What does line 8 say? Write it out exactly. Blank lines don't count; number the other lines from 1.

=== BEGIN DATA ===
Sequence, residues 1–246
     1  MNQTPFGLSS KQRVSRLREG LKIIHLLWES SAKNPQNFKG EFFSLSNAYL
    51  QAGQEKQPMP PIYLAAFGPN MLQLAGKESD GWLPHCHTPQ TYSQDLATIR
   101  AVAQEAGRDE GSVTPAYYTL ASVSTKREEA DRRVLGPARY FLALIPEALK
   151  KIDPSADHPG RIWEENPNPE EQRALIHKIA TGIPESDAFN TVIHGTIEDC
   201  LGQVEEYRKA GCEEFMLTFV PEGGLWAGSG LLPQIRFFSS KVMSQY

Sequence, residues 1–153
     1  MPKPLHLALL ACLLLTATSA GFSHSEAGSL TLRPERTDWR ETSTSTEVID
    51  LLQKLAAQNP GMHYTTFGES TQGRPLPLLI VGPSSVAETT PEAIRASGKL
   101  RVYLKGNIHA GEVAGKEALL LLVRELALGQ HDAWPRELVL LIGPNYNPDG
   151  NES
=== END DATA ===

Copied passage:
     1  MPKPLHLALL ACLLLTATSA GFSHSEAGSL TLRPERTDWR ETSTSTEVID